Have fun! Next up - bubbly for the New Year!

Monday, December 11, 2006

'Tis The Season -Menu For Hope III

'Tis the season to eat, drink, and be merry, but not all of us six billion souls on the planet can eat, drink, and be merry. For the past two years, wine and food bloggers, a merry bunch who eat and drink a lot, have done an online fundraiser for those less fortunate. Last year over $17,000 was raised. This year the beneficiary will be, appropriately, the World Food Programme. Organized by Pim of Chez Pim and Alder Yarrow of Vinography, there are dozens of cool items to bid on from around the world including some twenty-two wine items.

I've donated a custom designed itinerary for your tour of Washington's Wine Country geared to your preferences and travel dates. You will have the opportunity to visit small little known wineries where you will be able to taste and purchase wines that are not generally available. You will be able to taste some of Washington's greatest wines whether they be from Red Mountain, Walla Walla, the Yakima Valley or Seattle and Woodinville. This will be an unforgettable experience for you and your friends. Please note that this item includes consultation and information only. You will be responsible for making your own reservations and travel arrangements. It's going to be a great trip! Value - $100. Code - WB 15.

To see all the great items in the raffle go to :

To see the fabulous wine items go to:

- Search for Menu for Hope

Here's how to donate:

1) Go to the donation page at:

2) Make a donation. Each $10 will give you one raffle ticket toward a prize of your choice. Please specify which prize or prizes you'd like in the"Personal Message" section in the donation form when confirming your donation. Be sure to specify the Code. This is very important! Do tell us how many tickets you want to allocate per prize, and please be sure to use the prize codes - for example, a donation of $50 can be 2 tickets for UW01 and 3 for UW 02 or 5 for WB 15!

3) If your company matches your donation, please remember to check the box and fill in the information so we can claim the corporate match.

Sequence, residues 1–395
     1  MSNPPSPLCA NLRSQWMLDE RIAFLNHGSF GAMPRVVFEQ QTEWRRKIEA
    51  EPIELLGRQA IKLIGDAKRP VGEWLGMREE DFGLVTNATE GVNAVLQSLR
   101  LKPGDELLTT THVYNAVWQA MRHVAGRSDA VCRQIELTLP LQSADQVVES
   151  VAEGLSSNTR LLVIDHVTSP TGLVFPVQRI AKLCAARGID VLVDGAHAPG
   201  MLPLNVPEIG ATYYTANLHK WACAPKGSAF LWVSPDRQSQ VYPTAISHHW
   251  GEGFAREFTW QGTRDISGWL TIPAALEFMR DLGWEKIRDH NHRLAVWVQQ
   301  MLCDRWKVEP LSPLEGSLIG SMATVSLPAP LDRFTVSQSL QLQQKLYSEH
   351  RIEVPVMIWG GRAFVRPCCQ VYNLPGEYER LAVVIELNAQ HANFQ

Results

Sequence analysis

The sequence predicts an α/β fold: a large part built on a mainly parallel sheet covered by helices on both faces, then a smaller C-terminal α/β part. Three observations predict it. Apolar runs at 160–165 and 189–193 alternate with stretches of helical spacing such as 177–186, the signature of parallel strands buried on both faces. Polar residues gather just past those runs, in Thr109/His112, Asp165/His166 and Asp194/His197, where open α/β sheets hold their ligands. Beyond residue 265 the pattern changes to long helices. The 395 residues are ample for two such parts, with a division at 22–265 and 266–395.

4) Please also check the box to allow us to see your email address so that we can contact you if you win. your email address will not be shared with anyone.

5) Check back at Chez Pim on January 15th when we will announce the results of the raffle
(the drawing will be done electronically. Our friend the code wizard Derrick ,Obsession with Food is responsible for the wicked application that will do the job).

Ask Bob and Kathy, or Jayne or Sam and Carol about our wonderful trips to Walla Walla, Red Mountain and the Yakima Valley.

Thursday, December 07, 2006

Terroir Quote

I keep turning up quotes on art museum wall panels that seem to apply to wine. Can this be coincidence?

"A place can never be defined, change is not the screen of science, but of poetry, art and myth."
- Bela Hamvas

Basque Country In Seattle - Harvest Vine

Okay, I confess! My favorite restaurants are in France, San Francisco and New York with one exception - Harvest Vine. In my opinion, Harvest Vine is the best restaurant in Seattle by far. Walk into Harvest Vine and you feel you are in the Basque country. No atmospherics, just the real thing. Specializing in tapas and raciones - Spanish small plates by any other name, the Vine also has an incredibly authentic wine list including many French Basque wines such as the red, Irouleguy (ih-roo-lih-ghee) and the sweet or dry white, Jurancon (your-an-sohn). There is a huge selection of Spanish wine, aperitifs and after dinner drinks. Delicious sherry for starters and Port and other interesting wines for dessert.

The Basque Country is a state of mind. The Kurdistan of Europe, the Basque Country straddles the border between France and Spain integrating the food of both regions into a cuisine that is probably older than either. Being Basque is loving family and food and the Basque language. The Basques probably love food and wine even more than the French do. Now THAT is an accomplishment! Basque social life to a large extent is dominated by food clubs in which Basque men (and now finally some women) meet to cook together and eat together. My kind of people!